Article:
The Texas state legislature must decide whether or not to extend the ad valorem property tax abatement program currently authorized under state law. The program is currently set to expire on September 1, 2019. Local tax abatements are not without their detractors, and the decision to extend the existing program could impact the viability of future renewable energy and other energy developments across the state.

Background: Chapter 312 Property Tax Abatement Program

Chapter 312 of the Texas Tax Code currently permits local taxing units to enter into agreements with property owners providing for the abatement of ad valorem property taxes, provided that the property owner makes specified improvements or repairs to the property. These agreements are entered into between a property owner and a local county, city, special taxing district or other authority such as a water district or a hospital district. The state law authorizes and establishes certain guidelines for the abatement agreements, with the precise terms of the abatements negotiated and agreed to by the local taxing authority and the taxpayer. Any agreement must be approved by a vote of the members of the governing body of the local taxing unit.

Currently, the Chapter 312 abatement program is set to expire on September 1, 2019. The expiration of the program would not impact abatement agreements that have already been executed, but would prohibit local taxing units from entering into any new agreements after the expiration date. The term of an abatement agreement is limited to a maximum of 10 years by the statute, so property owners who have executed agreements prior to the potential expiration of the program could potentially still benefit from the abatement program for a number of years past this expiration date.

School districts, whose ad valorem property tax rates are typically greater than those of the other local taxing units, are prohibited from entering into abatement agreements under Chapter 312. However, Chapter 313 of the Texas Tax Code provides for a similar incentive with respect to ad valorem taxes levied by local school districts. Unlike Chapter 312, which provides for the abatement of property taxes, Chapter 313 allows school districts and property owners to enter agreements to limit the appraised value of property for ad valorem property tax purposes. Chapter 313 is currently set to expire on December 31, 2022, barring any legislative action to extend the expiration date.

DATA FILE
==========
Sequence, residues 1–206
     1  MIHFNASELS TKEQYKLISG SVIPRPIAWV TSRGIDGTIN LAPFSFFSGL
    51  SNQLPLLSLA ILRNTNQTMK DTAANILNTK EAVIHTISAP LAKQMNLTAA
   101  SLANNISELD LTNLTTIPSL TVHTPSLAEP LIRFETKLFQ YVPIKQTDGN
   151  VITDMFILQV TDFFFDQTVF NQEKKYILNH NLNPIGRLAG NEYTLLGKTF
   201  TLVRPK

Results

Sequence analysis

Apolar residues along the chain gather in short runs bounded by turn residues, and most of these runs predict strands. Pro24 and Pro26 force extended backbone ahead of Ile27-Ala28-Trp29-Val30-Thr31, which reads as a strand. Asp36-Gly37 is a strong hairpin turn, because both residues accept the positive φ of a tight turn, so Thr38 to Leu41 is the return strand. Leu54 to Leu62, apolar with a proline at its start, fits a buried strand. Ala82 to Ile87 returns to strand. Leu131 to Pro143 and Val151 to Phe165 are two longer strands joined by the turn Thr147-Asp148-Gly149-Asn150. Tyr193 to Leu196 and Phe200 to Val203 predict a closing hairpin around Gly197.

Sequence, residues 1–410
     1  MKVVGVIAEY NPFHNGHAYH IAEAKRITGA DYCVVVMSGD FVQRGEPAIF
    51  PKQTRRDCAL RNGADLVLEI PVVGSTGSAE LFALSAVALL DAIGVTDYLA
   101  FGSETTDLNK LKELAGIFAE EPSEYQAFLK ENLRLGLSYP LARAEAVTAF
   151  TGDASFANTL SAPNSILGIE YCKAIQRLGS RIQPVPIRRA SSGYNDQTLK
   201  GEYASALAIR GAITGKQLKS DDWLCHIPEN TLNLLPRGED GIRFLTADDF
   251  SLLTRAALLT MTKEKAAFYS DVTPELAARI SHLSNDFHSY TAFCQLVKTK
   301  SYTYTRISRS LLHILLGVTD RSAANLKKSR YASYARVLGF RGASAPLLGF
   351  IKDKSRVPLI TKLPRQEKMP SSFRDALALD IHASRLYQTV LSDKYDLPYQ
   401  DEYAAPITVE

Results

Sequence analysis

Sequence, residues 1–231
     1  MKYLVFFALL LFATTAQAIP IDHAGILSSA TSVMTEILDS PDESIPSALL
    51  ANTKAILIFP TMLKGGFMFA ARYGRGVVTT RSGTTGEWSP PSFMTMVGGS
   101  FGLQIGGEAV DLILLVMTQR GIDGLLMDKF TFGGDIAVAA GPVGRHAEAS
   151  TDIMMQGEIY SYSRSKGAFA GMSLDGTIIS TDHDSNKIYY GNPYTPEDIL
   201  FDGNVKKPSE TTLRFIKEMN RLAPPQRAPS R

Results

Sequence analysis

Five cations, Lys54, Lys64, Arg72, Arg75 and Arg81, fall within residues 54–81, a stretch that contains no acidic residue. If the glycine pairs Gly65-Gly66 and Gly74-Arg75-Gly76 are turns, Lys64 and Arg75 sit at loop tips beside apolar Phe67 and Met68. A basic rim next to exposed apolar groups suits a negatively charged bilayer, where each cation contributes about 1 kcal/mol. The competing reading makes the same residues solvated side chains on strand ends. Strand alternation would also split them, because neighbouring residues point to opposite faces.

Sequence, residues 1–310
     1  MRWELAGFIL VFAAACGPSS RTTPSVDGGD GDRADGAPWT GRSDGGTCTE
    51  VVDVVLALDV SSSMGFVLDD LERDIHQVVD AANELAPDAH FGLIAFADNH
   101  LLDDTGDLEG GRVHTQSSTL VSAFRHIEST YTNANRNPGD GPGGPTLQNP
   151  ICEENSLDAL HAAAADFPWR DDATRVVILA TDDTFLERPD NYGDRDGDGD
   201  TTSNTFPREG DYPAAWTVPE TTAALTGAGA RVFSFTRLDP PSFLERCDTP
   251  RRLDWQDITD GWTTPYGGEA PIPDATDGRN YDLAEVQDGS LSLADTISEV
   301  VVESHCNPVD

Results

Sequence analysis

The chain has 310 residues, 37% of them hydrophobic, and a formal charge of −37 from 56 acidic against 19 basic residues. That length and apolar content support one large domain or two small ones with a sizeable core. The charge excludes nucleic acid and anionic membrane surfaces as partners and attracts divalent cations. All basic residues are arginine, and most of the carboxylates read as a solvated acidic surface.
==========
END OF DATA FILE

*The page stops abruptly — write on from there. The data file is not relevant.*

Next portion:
Texas Legislative Session and Proposals

The Texas legislature began its session on January 8, 2019, and the session is scheduled to end on May 27. Pre-filing of bills for the 2019 session opened on November 12, 2018. Three pre-filed bills addressing the pending expiration of the Chapter 312 abatement program would extend the program for an additional term of 10 years. The bills introduced to date include Texas H.B. 360 and Texas H.B. 499, filed by Republican State Representatives Jim Murphy and Angie Button, respectively, as well as Texas S.B. 118, filed by Democratic State Senator Royce West. As currently drafted, the bills do not contain any provisions creating any additional limitations or carve-outs from the abatement program.

Eversheds Sutherland Observation: Tax abatement agreements have been offered by local taxing jurisdictions across Texas to taxpayers in a wide range of industries and for diverse types of projects. Lobbyists and trade groups are currently presenting arguments on both sides of the debate regarding extension of the Chapter 312 abatement program. In particular, a number of groups have expressed opposition to granting tax abatements to renewable energy projects, including wind and solar farms. Taxpayers who are contemplating a project in Texas or who have already begun acquiring or developing such a project should be mindful of the pending expiration of this abatement program and seek to execute any abatement agreements in advance of September 1, 2019. Eversheds Sutherland will continue to monitor any developments regarding the extension or modification of the Chapter 312 abatement program and provide updates of any significant developments.